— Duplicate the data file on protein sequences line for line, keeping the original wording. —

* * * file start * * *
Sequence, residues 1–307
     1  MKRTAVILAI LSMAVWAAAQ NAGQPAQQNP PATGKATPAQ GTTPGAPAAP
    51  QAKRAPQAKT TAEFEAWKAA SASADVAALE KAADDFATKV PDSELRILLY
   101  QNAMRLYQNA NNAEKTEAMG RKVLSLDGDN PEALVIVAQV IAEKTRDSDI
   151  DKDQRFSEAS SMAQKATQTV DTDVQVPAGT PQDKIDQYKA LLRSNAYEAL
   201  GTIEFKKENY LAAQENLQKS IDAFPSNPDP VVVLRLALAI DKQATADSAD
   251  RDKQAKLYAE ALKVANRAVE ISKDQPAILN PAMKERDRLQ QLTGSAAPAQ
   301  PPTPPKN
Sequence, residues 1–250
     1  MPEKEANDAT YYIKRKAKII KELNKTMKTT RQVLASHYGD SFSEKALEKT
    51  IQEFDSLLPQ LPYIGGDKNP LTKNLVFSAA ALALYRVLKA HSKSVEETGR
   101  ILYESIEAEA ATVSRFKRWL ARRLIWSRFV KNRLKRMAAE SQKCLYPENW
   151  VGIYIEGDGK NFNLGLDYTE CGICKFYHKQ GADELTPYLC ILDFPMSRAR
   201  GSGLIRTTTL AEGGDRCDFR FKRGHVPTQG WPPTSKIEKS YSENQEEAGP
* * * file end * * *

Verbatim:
Sequence, residues 1–307
     1  MKRTAVILAI LSMAVWAAAQ NAGQPAQQNP PATGKATPAQ GTTPGAPAAP
    51  QAKRAPQAKT TAEFEAWKAA SASADVAALE KAADDFATKV PDSELRILLY
   101  QNAMRLYQNA NNAEKTEAMG RKVLSLDGDN PEALVIVAQV IAEKTRDSDI
   151  DKDQRFSEAS SMAQKATQTV DTDVQVPAGT PQDKIDQYKA LLRSNAYEAL
   201  GTIEFKKENY LAAQENLQKS IDAFPSNPDP VVVLRLALAI DKQATADSAD
   251  RDKQAKLYAE ALKVANRAVE ISKDQPAILN PAMKERDRLQ QLTGSAAPAQ
   301  PPTPPKN
Sequence, residues 1–250
     1  MPEKEANDAT YYIKRKAKII KELNKTMKTT RQVLASHYGD SFSEKALEKT
    51  IQEFDSLLPQ LPYIGGDKNP LTKNLVFSAA ALALYRVLKA HSKSVEETGR
   101  ILYESIEAEA ATVSRFKRWL ARRLIWSRFV KNRLKRMAAE SQKCLYPENW
   151  VGIYIEGDGK NFNLGLDYTE CGICKFYHKQ GADELTPYLC ILDFPMSRAR
   201  GSGLIRTTTL AEGGDRCDFR FKRGHVPTQG WPPTSKIEKS YSENQEEAGP